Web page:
The Courier News from Blytheville, Arkansas on September 20, 1954 · Page 4
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The Courier News from Blytheville, Arkansas · Page 4

Blytheville, Arkansas
Issue Date:
Monday, September 20, 1954
Page 4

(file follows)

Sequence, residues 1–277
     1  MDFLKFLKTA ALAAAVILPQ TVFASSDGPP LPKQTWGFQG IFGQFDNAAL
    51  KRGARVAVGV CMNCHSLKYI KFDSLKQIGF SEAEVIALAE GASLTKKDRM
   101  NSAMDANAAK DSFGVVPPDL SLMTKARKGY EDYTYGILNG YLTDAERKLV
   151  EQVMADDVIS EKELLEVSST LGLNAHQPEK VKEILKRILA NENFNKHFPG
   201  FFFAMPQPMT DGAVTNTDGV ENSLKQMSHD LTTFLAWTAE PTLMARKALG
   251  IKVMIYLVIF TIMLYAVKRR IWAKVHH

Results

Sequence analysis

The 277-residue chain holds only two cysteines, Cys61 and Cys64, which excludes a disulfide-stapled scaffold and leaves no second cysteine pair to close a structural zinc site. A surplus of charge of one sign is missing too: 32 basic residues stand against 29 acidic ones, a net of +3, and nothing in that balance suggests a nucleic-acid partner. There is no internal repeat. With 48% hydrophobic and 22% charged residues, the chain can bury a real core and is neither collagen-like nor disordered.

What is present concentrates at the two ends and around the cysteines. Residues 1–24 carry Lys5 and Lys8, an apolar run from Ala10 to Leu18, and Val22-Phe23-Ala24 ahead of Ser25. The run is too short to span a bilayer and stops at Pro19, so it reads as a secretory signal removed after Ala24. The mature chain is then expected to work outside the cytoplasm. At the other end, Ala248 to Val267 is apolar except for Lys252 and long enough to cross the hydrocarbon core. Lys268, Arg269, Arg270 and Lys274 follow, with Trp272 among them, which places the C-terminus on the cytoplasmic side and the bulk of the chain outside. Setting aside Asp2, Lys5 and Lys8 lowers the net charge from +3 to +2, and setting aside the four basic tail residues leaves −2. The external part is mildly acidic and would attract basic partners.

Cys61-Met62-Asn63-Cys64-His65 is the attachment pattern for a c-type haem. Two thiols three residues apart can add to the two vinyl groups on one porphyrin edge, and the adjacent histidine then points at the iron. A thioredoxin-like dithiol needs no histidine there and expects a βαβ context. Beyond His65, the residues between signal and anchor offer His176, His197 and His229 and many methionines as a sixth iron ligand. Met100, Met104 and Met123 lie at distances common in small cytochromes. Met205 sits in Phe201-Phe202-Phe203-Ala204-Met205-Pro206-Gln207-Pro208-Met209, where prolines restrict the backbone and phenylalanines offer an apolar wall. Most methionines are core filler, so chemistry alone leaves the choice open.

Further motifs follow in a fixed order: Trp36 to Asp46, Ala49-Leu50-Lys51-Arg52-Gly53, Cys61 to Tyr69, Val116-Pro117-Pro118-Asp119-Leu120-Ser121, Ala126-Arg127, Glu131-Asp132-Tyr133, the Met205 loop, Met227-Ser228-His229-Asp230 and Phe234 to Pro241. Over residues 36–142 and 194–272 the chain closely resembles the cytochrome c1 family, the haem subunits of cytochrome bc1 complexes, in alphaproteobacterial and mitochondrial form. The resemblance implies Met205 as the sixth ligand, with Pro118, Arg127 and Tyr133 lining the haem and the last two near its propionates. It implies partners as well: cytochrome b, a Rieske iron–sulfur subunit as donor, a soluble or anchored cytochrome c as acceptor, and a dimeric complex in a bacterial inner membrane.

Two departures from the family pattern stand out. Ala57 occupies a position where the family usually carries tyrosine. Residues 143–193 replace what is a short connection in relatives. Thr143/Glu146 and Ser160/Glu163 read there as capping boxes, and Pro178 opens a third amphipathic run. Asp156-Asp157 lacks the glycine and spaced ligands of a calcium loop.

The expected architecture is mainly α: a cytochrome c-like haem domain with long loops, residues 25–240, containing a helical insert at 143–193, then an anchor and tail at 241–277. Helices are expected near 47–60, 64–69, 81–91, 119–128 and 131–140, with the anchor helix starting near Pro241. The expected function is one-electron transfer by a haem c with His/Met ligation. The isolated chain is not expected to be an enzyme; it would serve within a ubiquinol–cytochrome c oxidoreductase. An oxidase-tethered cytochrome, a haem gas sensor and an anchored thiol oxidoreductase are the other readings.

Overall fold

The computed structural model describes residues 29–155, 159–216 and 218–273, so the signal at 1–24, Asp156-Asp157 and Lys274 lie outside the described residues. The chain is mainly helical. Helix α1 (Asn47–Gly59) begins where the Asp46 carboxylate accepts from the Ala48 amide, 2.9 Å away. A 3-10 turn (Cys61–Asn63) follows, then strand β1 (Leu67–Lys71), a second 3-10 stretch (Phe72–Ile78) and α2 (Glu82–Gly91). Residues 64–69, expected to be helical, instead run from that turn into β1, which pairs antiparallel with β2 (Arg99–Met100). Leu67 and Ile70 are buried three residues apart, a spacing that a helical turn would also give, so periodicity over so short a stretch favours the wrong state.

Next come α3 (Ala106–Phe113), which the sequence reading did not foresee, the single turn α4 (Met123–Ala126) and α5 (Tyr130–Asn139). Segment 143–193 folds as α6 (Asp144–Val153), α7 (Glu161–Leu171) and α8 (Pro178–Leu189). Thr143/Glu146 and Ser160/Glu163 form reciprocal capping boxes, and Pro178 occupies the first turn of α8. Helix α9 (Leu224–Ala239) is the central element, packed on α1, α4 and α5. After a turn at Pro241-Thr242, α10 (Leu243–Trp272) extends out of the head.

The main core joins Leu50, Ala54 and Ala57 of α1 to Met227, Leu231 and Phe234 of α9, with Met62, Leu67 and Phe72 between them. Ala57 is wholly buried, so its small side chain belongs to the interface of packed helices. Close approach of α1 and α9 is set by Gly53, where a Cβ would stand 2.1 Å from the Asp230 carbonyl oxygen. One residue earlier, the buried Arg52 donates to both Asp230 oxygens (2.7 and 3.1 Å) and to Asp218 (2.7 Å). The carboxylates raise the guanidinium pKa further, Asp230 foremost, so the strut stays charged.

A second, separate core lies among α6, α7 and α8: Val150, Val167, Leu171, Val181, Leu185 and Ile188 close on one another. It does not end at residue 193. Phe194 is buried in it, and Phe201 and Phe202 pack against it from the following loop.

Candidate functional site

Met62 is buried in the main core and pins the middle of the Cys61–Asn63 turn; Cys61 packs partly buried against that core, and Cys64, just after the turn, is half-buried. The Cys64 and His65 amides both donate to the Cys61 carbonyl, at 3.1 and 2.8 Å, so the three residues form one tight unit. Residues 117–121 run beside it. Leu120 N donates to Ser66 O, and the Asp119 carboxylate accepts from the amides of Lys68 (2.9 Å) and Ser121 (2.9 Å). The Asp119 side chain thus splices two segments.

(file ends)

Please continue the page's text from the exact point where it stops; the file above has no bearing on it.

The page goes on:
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BLYTHEVILLE (ARK.) COURIER NEWS MONDAY, SEPTEMBER 20, 1954 THE COURIER NEWS CO. H. W. HAINES, Publisher HARRY A. HAISE8, Assistant Publisher A. A. PREDRICKSON, Editor PAUL D. HUMAN, Advertising Manager Sok National Advertising Representatives: Wallace Witmer Co., New York. Chicago, Detroit, Atlanta, Memphis. Entered as second class matter at the post* office at Blytheville, Arkansas, under act of Con- grest, October 9, 1917. Member of The Associated Press SUBSCRIPTION RATES: By carrier in the city of Blytheville. or any suburban town whert carrier service is maintained, 35c per week. By mail, within a radius of 50 miles, $5.00 per year, $2.50 for six months, $1.25 for three months; by mail outside 50 mil* zone, $12.50 per year payable in advance. Meditations My soul shall make her boast in the Lord: the humble shall hear thereof, and be glad. — Psalm. 34:*. They that know God will be humble; they that know themselves cannot be proud.— Flavel. Barbs The easy-to-do fellow has a tougher time ever being well-to-do. * * * A New Jersey judge ruled that 7011 can't drive a car and hug a girl at the same time. He need* glasses. * * ¥ Americans pay 76 million, dollars each year in tolls to cross bridges. "Twould be cheaper if we'd all learn to swim. Some folk* who can't deliver the good* still •itpvct to cotiect. It's smart to live so that you'll show up weH when it comes to a showdown. Is Maine A Trend? 1 ' _.' '•' . 3 The Democrats have a right to derive considerable comfort, at least temporarily, from the election returns in Maine. The most significant result was the election of a Democratic governor, Edmund Miiskie, for the first time in 20 years. He won by a 20,000-vote margin, defying the tradition that usually gives any GOP governor in Maine a second term. The Democratic swell did not engulf congressional candidates on the Republican ticket, though they won by much smaller majorities than had been anticipated. For example, Sen Margaret Chase Smith, able supporter of President Eisenhower and long-time favorite in Maine, regained her seat by 40,000 votes or more. Six years ago, making her first try for the Senate, she walloped the De-. mocratic nominee by 159,000 to 64,000. It is standard stuff, of course, for a winning party to ascribe its triumphs to the popularity of its national leaders and its program, and for a losing party to say the matter turned on "local issues". Naturally enough, the GOP blames Gov. Burton M. Cross' defeat on just such causes. Possibly the leaders are correct. A good many times local factors are decisive. For instance, in 1952, with a GOP tide running and Mr. Eisenhower sweeping, a Democrat broke into rock-ribbed Republican Kansas and won a congressional seat. Local issues were hot. Furthermore, experience has taught that it is dangerous to try to see a trend in particular elections. What happens in special or early elections is not always confirmed in general balloting in November. Nevertheless, the fact remains that Democratic victory in the highest state office in Maine, plus much reduced GOP victory margins for the Senate and House, cannot really bring good cheer to the Republicans in their private hearts. These results are clearly unusual. They may' not forecast the November outcome, but they could. Publicly the GOP will minimize, but if they do not worry after reading the Maine returns they are not human. Something obviously is disturbing a good many Maine citizens who normally vote Republican, and any party political expert worth his salt—whether Republican or Democrat—will want to find out what it is and what bearing it may have on November. The Republican fear that the condition may be national and the Democratic hope that it is are the sort of ingredients that mtkt politics so tantalizing First Result of EDC Failure If the French want to measure some of the damage they have done the free world cause by turning down EDC, let them examine recent election returns fram one of the West German states. The German Socialists were victorious, and Chancellor Konrad Adenauer's Christian Democrats suffered defeat. This result underlines the growingly precarious political position of Adenauer holds. There is no reason yet for gloom or despair. But more reverses of this sort could topple Adenauer and thereby deprive the West of one of its strongest friends and perhaps now the stoutest dvocate of European unity. A West German government without Adenauer might be inclined to seek a deal with Russia calling for military neutrality as the price of full German unity, any close linking of Germany with the West would then be beyond possibility, and Western defenses would be correspondingly weakened. Adenauer is shrewd enough to go on making overtures toward France despite its snub of EDC. He knows the most workable substitute would be one includ- . ing France. The only question is whether The French are smart enough to listen. VIEWS OF OTHERS Drivers License Follies The annual farce of issuing drivers' licenses Is now on in the offices of the county judges here and elsewhere throughout Florida—the fiscal part of it. being none of their doing, of course. Everybody who has a 1954 license and a dollar can drop into the judge's office between now and Oct. 1 and get a new permit allowing him to drive in 1955. Have you been getting arrested pretty regularly for speeding, reckless driving and other traffic violations? No matter—just pay over your dollar and you're in for another year. Have you forgotten all those highway regulations you had to learn when you first got a license some years ago? No mater .about that either—they won't ask you a thing when they renew your license. Has your eyesight been failing lately? There is some matter about that for the sake of your own safety—bufc if you're foolish enough to risk your own life by driving a car when your eyesight is bad., the others-whose lives you risk at the same time have no protection whatever. You get a new license the same as everyone else. In fact there have been some cases actually recorded in this state of persons drawing benefits for the blind while holding driver's licenses. When is the Legislature going to end this farce and pass a law that will make a driver's license mean that the person who holds one is fit to drive?—Fort Myers (Ha.) News-Press. Styles In Russia Russian women have a terrible longing for American clothes, says a New York furrier who has returned from a business trip to the Soviet, taken with state department approval. He found the women of Redlandia "starved for a little luxury and feminine fashion items," and they have "lost the charm that is normal to their sex in other countries." Soviet wearing apparel is clumsy, heavy, shapeless, badly designed and made of poor materials. We suppose it's just normal for the Communist girls to be envious of the capitalist girls. Miss Svetlana of Russia and Miss Smith of America are sisters under the skin. The difference between what they have on their backs well illustrates the difference between the Red way of life and the free-enterprise way. We are not competent to advise the Russian women on fashions, but we believe we can show them how to get the chic apparel they yearn for. Just rise up and throw out all the commissars and establish the kind of government the people have in all the well-dressed, well-fed countries. — New Orleans States. Payday U. S. Air Force officials in Europe have decided to pay the airmen twice a month, instead of monthly. Reason: Too many of them were going broke before payday. Apparently, the airmen prefer to go broke twice a month instead of once. — Knoxville (Term.) News-Sentinel. SO THEY SAY It (dip in production) has been the mildest contraction and the mildest readjustment that we have ever had in any postwar period.—Labor Secretary James P. Mitchell. * # if. I feel much happier playing as a professional galfer.—Frank Stranahan, on turning "pro." * * * The progress already made is clear evidence atom bomb can and will be transmuted into a most powerful force for universal good. —ABC chairman Lewis L. Strauss. * * * Without question there is a very definite unemployment problem which, in my personal opinion, is a serious recession.—Dave Beck, AFL Teamsters' chief. I Way Down East Erskine Johnson IN HOLLYWOOD Peter Ed son's Washington Column —GOP Borrows Roosevelt Appeal; WASHINGTON — (NEA — The ending on the National Citizens for Eisenhower Congressional Commit- paign movie has been changed. This is the film which will be shown in the close congressional districts this year to convince independents and Democrats that they should vote for Republican candidates, just to support the rresident. Title of the picture is, "The Year of Big Decision." In the original version of the movie, there was little direct political pitching at the voters. Everything was on a high level intellectual appeal in which the viewer of the pictures and the listener to the sound track was sxipposed to get the big idea by indirection. In the new wind-up, President Eisenhower comes on with the opening statement that "This is an election year." He goes on from there to tell about his four-year program and then makes this direct political bid: "All of us who believe in the aims of this program should join together to elect Republican senators and congressmen who will work effectively with leaders of the Executive Branch toward the fulfillment of that program. "You know, my friends, it was a man we all revere — Abraham Lincoln — who once strongly advised that we must not change horses in the middle of the stream." Incidentally, this was much the same pitch used by President Roosevelt in his bid for a fourth term. The line then was that continuity in the conduct of the war should not be broken by swapping horses in midstream. It was a line that worked. Repoiis from Camp Gordon, Ga indicate that the famous Pvt. G. David Schine has shed some of the great humility he exhibited on television during the Army-McCarthy hearings. What his barracks buddies resent particularly is the way he spends money so extravagantly when off the post. Flying all the way to the west coast for a. recent leave didn't sit too well with some of the less fortunate soldiers. Officers from the big Georgia military police center found that when Private Schine got back, other soldiers threw dirt under his bunk to get him in bad at inspection. Department of Interior's Bureau cf Indian Affairs ran into a funny one in connection with its program to liberate the Indians as wards of the government and give them full citizenship rights. The Klamath tribe, in Oregon, couldn't decide what to do about this. So they split. Half the tribe will become "civilized" citizens like any other Americans. The other half of the tribe voted to remain Indians. Sen. Wayne Morse, the Oregon indepenent, who boasts that he can hold his party caucus in a telephone booth, says that, "The one good thing about being at. Independent is that you always have the unanimous support of your whole party." Edmund F. Mansure, head of General Services Administration, which is Uncle Sam's housekeeping agency, called on his wife for help during a tour of GSA offices in the west. At every stop, both Mr. and Mrs. Mansure made it a point to meet personally and shake hands with every GSA employe. The idea went over big with the employes, who agreed it wasn't every day that they had a chance to meet the big boss from Washington plus his wife. After some of the particularly long handshaking sessions, Mrs. Mansure had to soak her hands, but she took this punishment gamely, as part of her husband's job. IT. S. Commissioner of Education Samuel Miller Brownell, brother of Attorney General Herbert Brownell, Jr., has decided to start emphasizing some of the better aspects of the teaching profession. This is to overcome some of the bad publicity about run-down schools, over - crowding, teacher shortages and poor pay. "The prospects for American teachers are almost twice as good as they were a few years ago," says Commissioner Brownell. "Th£ day is upon us when schools wm vie for good teachers "as some schools now compete for good athletes." the Doctor Says Written for VEA Service By EDWIN P. JORDAN. M.D. With all of the talk of new drugs it is not surprising that some of chem need to be explained. Q—Is dicumarol of any help to prevent further damage to the arteries after hardening has set in? S. F. A—Dicumarol is a preparation originally found in spoiled sweet clover. When given to human beings it delays or slows the clotting of the blood. It is difficult to give just the right amount and although it has uses in medicine, I believe that few physicians feel it desirable to give to patients with hardening ef the arteries except under exceptional circumstances. years old) she died of a blood clot. What causes this? Anxious. A—This is presumably one of j those unfortunate deaths from a j clot going to the lungs causing what is known as pulmonary embolism. It is a tragic situation when it does occur but is so rare that no woman should worry about it during her pregnancy. Two years ago I burned the pigment off my nose with acid which left it rea. Can the pigment be tattooed back on? M. S. A—It seems unlikely that this would be successful but it is impossible to say without seeing it. I should think that a skin specialist should be consulted to see if he could suggest any method to return the nose to its normal appearance or nearly so. Q—I have what is called a hammer toe on one foot. Can you discuss this? B. H. H. A—Any toe may be bent, resulting in what is called a hammer toe, but the second toe is most frequently involved. This is the re- j'sult of pressure from a shoe which (is too short and narrow. Usually jthis begins early in childhood and is ofteu accompanied by bunions. If attacked early, splinting of the toe and manipulating it may relieve the discomfort. If this cannot be done operation generally has to be performed. Q—Please discuss the reasons for pauses or extra beats of the heart which suddenly start bothering me. Bill W. A—The most likely condition is that known as extra systole. This is rather common and usually has no serious significance. In the presence of anything of this sort, however, the heart should be carefully examined and special tests made with the electrocardiograph, to make sure that the Irregularity of the heart is not of some other variety. Q—Since I am pregnant I am much, concerned about what happened to another woman who lost her life at childbirth. The day aft- *r she had her baby (she was 40 (at least 17 points) with five dia- .monds and four hearts. When North later raised spades, he showed that his four unknown cards were three spades and one club. With four spades and no clubs North, probably would have HOLLYWOOD —(NEA)— Exclusively Yours: if Tony Curtis and Janet Leigh can pack theaters as co-stars, so can Tony Martin and Cyd Charisse, another Mr. and Mrs. who like the idea of acting together. MGM will team Tony and Cyd in "The Las Vegas Story" early next year and Tony, now in makeup for "Hit the Deck," is telling it: "We've wanted to do a picture together for a long time. I've always said that we wouldn't do it just because we were husband and wife, but only if a script came along that called for a girl like Cyd and a guy like me. I wouldn't want to hurt her by trying to capitalize on our marriage in just any kind of picture." There were objections at first from Fox big gears to Marilyn Monroe reading lines about posing for a nude picture in the screen version of "The Seven Year Itch." But the screeplay of the Broadway hit now contains some of the toupee-raising dialog that Vanessa Brown spoke on the stage. The plot has Marilyn posing for a nude picture published in U. S. Camera magazine—and Tom Ewell peeking at it' throughout the picture. But the camera won't show the photograph to audiences. FINANCIAL NOTE: Twenty- five years ago, Darryl Zanuck and Michael Curtiz turned out & spectacle titled "Noah's Ark" for $50,000. Their newest collaboration, the breathtaking- "The Egyptian", ran up a production cost of $5,000,000. Julie Newmar, one of the "Seven Brides for Seven Brothers," will marry screen writer Louis L'Arnour. She already has the engagement ring. . .It's 22 years of marriage for the Dennis Morgans . . .Frankie Laine and wife Nan are seeing doctors about a stork date. Screen writer William Wright, who wrote "The Naked Spur," is touring the world and when people learn he's from Hollywood he's flooded with questions. One of the favorites, he says, is: "Does Marilyn Monroe walk that way all the time?" Novelist George Tabori is writing a Broadway play for his bride, Viveca Lindfors, who's resuming her film career in "Run for Cover" and "Moonfleet." ESPERANZA WAYNE took "a tumble on the stairway at a night club and injured the back that she turned on John Wayne . . .Super- colossal note: The Red Sea crossing sequence in DeMille's "Ten Commandments" will have 20,000 extras. . . .Mario Lanza, at any weight, can sign for a bundle whenever he feels in the mood to star for Powell-Pressburger in the British film musical version of "Rosalinda." Farley Granger's telling it about an Italian producer who wanted to star him in 'Romeo and Juliet." Extolling the film, the Roman mogul said: "We're hiring the best cameraman and production designer in Europe. This is going to b« a colossal production. In fact, we'll use a whole new story." Lillian Gish, film emoting for the first time in eight years in "Night of the Hunter", was asked to compare Hollywood today with. the silent era. "The excitement is about the same," she said. "But there is this difference. In those days every director wanted to be an actor. Now every actor wants to be a director." FREEMAN GOSDEN and Charles C o r r e 1 announced two years ago they would retire in 1953. Now they're explaining their new five-nights-a-week Amos 'n' Andy Music Hall CBS radio show with: "We discovered we really had nothing 1 to retire to." They'll play records and interview guest stars on the show. And they'll be doing their regular Sunday show, too. A busy retirement! RKO's blushing. Kim Novak played a bit in "The French Line," then was dropped. Now she's in the bright new star list at Columbia after "Pushover." . . . "The High and the Mighty" has been retitled "Between Heaven and the High Seas" in Sweden. Mickey Spill ane and Anthony Quinn are collaborating on a new movie idea, "The Scythe." . . . When Veloz and Yolanda did the choreography for Lana Turner and Fernando Lamas in "Latin Lovers", Joe Pasternak urged them to write their life story for films. They did and now Pasternak's reading the script . . . Famous conductor-operatic coach Isaac Van Grove and his Mrs., choreographer Joan Woodruff, have become permanent Hollywood residents. 75 Years Ago In Blythevillt WEST NORTH (D) AK86 VAK43 4 A 10 8 7 5 4-J EAST 20 4KQ • JACOBY ON BRIDGE By OSWALD JACOBT? Written for NEA Service Accurate Bidding Is Key to Good Bridge When your partner is a good bidder you can sometimes describe his hand almost to the card before he puts it down as the dummy. That kind of accurate bidding will help you find the best contract for the combined hands. In today's hand, for example, North "reversed" by opening 'he bidding with one diamond and then bidding two hearts at his next turn. This showed a good hand • J932 4 A 10 5 4 SOUTH 4k A973 464* 4KQ32 Neither side vul. North East South West 1 4 Pass 14 Pass 2 V Pass 2 N.T. Pass 3 4 Pass 4 4> Pass Pass Pass Opening lead—4 2 ra. .— ^ jm-»\i ciiar^ *y; and with two spades and two clubs, North wouldn't have raised spades at all. South naturally decided to go on to game, since he had 9 points in high cards opposite a hand that promised at least 17 points (including the distribution). The question was whether to bid the game in spades or in no-trump. This was a very close decision, and when the hand was played in a tournament several players bid three no-trump and struggled to win eight tricks at that contract. This result, a one-trick defeat, didn't make them very happy. One player, John Moran, of Houston, decided to bid four spades on the theory that he would get ruffing tricks that would be unavailable at no-trump. He was ri^ht, since the hand produced 10 tricks at spades, but only eight at no-trump. West opened the deuce of di»- mons, an Moran allowed East to win with the queen. East, correctly fearing a cross-ruff, returned a low trump. South played low, and West's queen forced out dummy's king. Declarer led the jack of clubs from dummy, and West took the ace. West returned his remaining trump, and East's ten forced out South's ace. Now Moran cashed his top clubs and ruffed his last club with dummy's last trump. The next step was to take the ace of diamonds and lead another diamond towards the South hand. East discarded a heart, and declarer ruffed low. He then took dummy's top hearts and led another diamond toward* his hand. Whether East ruffed high or low he couldn't shut out the nine of spades, and the contract was therefore made. Mrs. Don Smith and Mrs. Ren- cert Wetenkamp are spending today in Memphis. New bleachers adding about 2,- jOOO seats to the capacity of the stadium and bleachers at Haley Field have been completed and will be ready for use at tonight's game between Blytheville and Fleming, Ky. Miss Doris McGhee, Miss Virginia Little and Miss Capitola Whitworth are spending today in Memphis. IT'S GETTING so when banker* or small loan operators get together the stock greeting will be "Been robbed lately " — Charlotte (N.C.) News. A TRUCK driver, hauling clay for a fill, backed his truck too far over the dump grade. The weight of the load being dumped lifted the front end of the truck several feet off the ground. "Now what are we going to do?" asked the driver's helper. The driver eased out of the cab to comtemplate his plight. "Well," he said, "we might as well grease it—we'll never get a beter chance." —Fort Myers (Fla.) News-Press. .. Fruits and Flowers Answer to Previous Puzite ACROSS 1 American Beauty 5 Seckel 9 apples 12 Give forth 13 Feminine appellation 14 Before 15 Pertaining to sharks 17 Literary fragments 18 Figure of speech 19 Applauded 20 Needle case 23 Organ of hearing 24 Banana-eating animal 27 Insects 29 Polynesian cloth 32 Transmit again 34 Peaceful 36 Dinner course 37 Town on the Rhine 38 Jewish month 39 Beams 41 Compast point 42 A flower — 44 Snow vehicle 48 Unites metal 49 Laughing $3 Blackbird of cuckoo family 54 Advisor 56 Legal matters 57Divi-:'on of 59 Fire residue 60 Pace 61 Chair DOWN 1 Remainder 2 Hebrew measure 3 Fodder pit 4 Warehouse 5 Exclamation . of disgust 6 Evoke 7 Indian nurse 8 Rajah's wife 9 Place differently 10 Sea eagle 11 Deceased 16 Methane hydrocarbon T U u E 20 Consumed 22 Beneath 24 Region 25 Hang 26 Settle 28 Sorceress 30 Pastries 31 Skin disorder 33 Went astray 35 Staircase parts 40 Take on 43 Sets of cards 45 Food regimei 46 Girl's name 47 Individuals •!"J Flower part 50 Century plant 51 Irish colleen's name 52 Allowance for waste 55 Bite 31 MKent 33 35 •ft 30